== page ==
“To give away his organs was a different kind of resistance,” says Abla. “Violence against violence is worthless. Maybe this will reach the ears of the whole world so they can distinguish between just and unjust. Maybe the Israelis will think of us differently. Maybe just one Israeli will decide not to shoot.” It is not the first time that victims of the conflict have given life to people on the other side of the Arab-Jewish divide. Three years ago, a 19- year-old Jewish religious student from Scotland, Yoni Jesner, was murdered in the bombing of a Tel Aviv bus. Part of his body went to save the life of a Palestinian girl from East Jerusalem. But it is the first time that the organs of a Palestinian child killed by the army have given life to Israelis.

Ahmed — the third eldest in a family of four boys and two girls — was killed on Eid day. “He woke up at 5am before his brothers and sisters. He helped me make tea. He always tried to help me because he felt sorry for me having to do all the housekeeping and cooking,” says Abla.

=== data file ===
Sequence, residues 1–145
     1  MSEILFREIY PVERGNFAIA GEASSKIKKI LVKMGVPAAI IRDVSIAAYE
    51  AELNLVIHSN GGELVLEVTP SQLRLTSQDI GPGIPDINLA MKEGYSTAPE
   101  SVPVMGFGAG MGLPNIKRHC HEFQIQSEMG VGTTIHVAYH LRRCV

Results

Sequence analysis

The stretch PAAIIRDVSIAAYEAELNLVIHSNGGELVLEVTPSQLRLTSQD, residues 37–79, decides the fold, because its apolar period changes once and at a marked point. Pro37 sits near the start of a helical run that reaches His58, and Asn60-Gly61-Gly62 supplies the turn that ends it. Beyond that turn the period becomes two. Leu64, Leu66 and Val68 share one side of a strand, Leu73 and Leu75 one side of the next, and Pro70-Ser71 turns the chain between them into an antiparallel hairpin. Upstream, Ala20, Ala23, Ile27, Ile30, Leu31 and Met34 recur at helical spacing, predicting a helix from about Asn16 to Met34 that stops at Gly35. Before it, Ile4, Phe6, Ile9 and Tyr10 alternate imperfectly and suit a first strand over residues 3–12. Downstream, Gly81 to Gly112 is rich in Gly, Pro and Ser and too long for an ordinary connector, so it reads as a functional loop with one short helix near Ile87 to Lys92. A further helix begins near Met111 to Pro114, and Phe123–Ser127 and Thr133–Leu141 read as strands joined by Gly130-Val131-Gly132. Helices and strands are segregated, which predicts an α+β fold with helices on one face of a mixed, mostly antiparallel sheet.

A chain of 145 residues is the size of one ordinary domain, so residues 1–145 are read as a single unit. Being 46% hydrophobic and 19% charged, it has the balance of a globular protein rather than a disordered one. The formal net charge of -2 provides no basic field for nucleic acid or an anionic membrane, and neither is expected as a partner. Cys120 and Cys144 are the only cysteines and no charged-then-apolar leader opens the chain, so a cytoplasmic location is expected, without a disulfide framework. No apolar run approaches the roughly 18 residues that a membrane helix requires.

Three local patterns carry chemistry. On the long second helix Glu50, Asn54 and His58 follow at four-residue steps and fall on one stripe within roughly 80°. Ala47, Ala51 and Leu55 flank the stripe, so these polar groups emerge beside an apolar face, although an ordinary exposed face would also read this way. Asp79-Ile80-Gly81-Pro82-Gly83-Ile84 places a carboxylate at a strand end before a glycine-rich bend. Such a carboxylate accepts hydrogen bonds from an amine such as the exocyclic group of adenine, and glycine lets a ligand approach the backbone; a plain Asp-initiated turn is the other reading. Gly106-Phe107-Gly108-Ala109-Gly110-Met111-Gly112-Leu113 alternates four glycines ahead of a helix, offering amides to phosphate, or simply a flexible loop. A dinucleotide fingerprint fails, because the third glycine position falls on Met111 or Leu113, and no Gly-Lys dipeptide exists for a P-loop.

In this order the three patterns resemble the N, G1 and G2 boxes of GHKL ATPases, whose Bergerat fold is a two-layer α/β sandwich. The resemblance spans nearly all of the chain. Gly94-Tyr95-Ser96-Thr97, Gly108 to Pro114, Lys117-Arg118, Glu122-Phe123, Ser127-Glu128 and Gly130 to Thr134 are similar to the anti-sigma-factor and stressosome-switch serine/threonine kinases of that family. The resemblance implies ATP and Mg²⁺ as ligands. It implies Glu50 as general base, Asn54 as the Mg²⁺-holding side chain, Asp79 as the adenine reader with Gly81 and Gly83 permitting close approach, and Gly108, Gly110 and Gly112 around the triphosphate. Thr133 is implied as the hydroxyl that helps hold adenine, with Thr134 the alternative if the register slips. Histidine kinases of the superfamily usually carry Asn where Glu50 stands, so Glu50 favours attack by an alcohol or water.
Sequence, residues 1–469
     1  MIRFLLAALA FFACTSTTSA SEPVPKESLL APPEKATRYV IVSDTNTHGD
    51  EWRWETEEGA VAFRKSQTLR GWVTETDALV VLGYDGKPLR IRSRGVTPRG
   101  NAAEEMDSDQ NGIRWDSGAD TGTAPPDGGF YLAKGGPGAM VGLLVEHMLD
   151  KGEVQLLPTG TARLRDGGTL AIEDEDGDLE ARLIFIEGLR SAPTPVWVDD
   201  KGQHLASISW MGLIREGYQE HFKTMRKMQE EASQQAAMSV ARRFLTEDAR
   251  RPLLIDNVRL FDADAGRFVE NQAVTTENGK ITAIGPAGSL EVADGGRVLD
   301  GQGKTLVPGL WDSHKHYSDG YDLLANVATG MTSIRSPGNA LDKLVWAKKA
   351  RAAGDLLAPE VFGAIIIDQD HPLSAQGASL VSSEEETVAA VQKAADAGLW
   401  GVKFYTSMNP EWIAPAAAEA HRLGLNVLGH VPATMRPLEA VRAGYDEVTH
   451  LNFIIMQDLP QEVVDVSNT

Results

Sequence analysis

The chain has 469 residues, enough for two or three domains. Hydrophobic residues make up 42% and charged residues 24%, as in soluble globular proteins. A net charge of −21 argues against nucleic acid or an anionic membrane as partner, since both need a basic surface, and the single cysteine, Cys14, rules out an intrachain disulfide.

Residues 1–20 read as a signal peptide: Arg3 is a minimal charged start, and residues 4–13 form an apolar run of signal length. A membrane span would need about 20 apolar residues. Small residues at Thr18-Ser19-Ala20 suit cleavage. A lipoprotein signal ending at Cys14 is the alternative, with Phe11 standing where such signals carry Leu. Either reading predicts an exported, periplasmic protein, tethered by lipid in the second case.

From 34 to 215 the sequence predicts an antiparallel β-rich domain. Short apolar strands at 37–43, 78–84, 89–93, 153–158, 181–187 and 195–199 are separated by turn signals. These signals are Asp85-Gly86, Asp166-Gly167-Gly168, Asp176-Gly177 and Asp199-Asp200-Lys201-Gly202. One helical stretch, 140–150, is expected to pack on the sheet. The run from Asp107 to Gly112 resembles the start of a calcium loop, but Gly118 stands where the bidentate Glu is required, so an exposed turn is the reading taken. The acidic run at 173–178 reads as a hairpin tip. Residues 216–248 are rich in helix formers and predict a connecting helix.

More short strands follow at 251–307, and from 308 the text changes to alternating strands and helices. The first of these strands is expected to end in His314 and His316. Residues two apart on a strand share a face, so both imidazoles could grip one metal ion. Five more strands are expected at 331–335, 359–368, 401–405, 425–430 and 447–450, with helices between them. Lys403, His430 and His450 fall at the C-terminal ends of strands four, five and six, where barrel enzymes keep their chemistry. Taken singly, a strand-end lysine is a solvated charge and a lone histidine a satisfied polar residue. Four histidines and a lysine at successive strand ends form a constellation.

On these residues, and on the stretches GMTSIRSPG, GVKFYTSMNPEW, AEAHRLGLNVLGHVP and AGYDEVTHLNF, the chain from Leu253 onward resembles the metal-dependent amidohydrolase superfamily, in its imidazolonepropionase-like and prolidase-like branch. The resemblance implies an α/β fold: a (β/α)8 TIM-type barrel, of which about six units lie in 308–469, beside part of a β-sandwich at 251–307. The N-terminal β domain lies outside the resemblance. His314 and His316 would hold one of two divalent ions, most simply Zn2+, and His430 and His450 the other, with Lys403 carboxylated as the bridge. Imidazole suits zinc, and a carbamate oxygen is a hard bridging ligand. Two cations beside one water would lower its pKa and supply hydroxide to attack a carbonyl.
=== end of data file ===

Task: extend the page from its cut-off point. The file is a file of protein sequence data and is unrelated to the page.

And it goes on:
Ahmed dressed in new clothes traditionally bought for the holiday and left the house after dawn for the mosque and to visit Jenin’s ‘martyrs’ graveyard’ where armed men killed in the intifada are buried. As a nine-year-old, Ahmed saw the destruction of the heart of the refugee camp just a few blocks from his home during the fierce Israeli army assault on Jenin in 2002 that left considerable damage and 59 Palestinians dead. They were mostly armed men and their deaths are still commemorated in the memorial posters that paper the walls of the camp.

“Ahmed collected martyr posters because he knew them,” says Abla. “He used to see them in the street and he admired them. He used to like fighter martyrs and these things used to scare me. I used to throw the posters away because when the soldiers come and they see them, they beat you or take you away.”

The dominant faction in Jenin refugee camp is Al Aqsa Martyrs’ Brigades, led by Zakaria Zubeidi. Ahmed admired Zubeidi in particular and a few weeks ago sent him a drawing of a heart with the name of Al Aqsa’s leader written underneath.